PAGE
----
new books

I bought the following with a recent birthday gift voucher and I think one will form the basis of my next project although I’m not sure which one. Any suggestions?

I haven’t been able to find the post/article where I saw this book mentioned recently but I was intrigued enough to buy a copy. It’s a 1985 edition, mainly printed in black and white but the diagrams and photographs are very clear and seem easy to follow.

 

A idea for a modern style of raised embroidery on a casket/box has been brewing in my mind for a while and the following two books might help me formulate a proper plan.

 

The last item is a gel printing plate. I’ve got lots of acrylic paint and medium to turn it into fabric paint, and I’ve begun collecting things with textured surfaces to use as stencils and mark makers. Any successful printed fabric will be used for future textile projects – perhaps even for the covering of a box or a bag! My brayer will be wiped of paint onto my sketchbook pages to help avoid the dreaded blank page syndrome.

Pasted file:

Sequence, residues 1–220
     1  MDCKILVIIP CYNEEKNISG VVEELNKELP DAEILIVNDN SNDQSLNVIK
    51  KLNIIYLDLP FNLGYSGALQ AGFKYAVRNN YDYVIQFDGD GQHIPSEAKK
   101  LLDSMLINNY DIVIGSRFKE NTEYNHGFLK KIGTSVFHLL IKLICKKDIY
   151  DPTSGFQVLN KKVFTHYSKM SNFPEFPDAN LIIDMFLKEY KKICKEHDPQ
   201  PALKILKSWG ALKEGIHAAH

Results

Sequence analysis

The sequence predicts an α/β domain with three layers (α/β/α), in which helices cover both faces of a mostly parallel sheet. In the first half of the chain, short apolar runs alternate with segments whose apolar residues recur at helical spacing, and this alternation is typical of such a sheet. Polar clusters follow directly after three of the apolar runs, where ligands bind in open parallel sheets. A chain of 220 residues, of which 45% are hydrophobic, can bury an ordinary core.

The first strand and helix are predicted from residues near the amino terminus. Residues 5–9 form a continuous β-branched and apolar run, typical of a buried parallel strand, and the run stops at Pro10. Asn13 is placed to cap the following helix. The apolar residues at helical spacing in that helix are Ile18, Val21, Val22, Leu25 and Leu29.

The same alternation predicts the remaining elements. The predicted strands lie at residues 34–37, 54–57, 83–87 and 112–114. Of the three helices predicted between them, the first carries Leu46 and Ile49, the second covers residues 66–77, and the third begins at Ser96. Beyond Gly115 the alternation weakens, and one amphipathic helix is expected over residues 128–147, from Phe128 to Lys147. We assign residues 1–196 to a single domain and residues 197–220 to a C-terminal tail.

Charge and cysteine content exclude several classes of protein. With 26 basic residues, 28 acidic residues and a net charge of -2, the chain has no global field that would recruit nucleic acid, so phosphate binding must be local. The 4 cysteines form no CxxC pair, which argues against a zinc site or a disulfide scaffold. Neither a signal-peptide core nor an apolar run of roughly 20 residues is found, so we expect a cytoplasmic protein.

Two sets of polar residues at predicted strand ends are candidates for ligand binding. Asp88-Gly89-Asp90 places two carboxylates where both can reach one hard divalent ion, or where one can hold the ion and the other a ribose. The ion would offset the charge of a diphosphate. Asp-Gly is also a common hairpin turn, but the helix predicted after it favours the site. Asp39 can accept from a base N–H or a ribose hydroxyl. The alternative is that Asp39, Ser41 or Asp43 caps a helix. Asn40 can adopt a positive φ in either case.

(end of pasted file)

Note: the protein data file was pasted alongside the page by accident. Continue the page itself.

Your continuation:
needle weaving

These needle weaving samples were for a module on Sue Stone’s course using different yarns/threads for both warp and weft and varying the spacing etc. Some samples are anchored to the fabric at top and bottom only.

This module took me back many years to when I was a student at the (then) Scottish College of Textiles in Galashiels, studying for a diploma in Textile Design and used a full-sized dobby loom to weave much larger pieces than these 5 x 5 cm samples. I can hardly remember why I chose to drop out halfway through the three year course but the reasons for doing so seemed extremely valid at the time and a regret I learned to live with. Much water has passed under the bridge since then but I’ve never forgotten how to do plain and twill weave.

Watercress

I left the seed pod in Watercress for this morning when I could use the magnifying lamp to assist with the needlelace, finished it, took some photos and then realised that I’d forgotten to do the two small needle-woven leaves at the bottom of the stem but they’re done now. The next one to do is Coriander. Bet you can’t wait!

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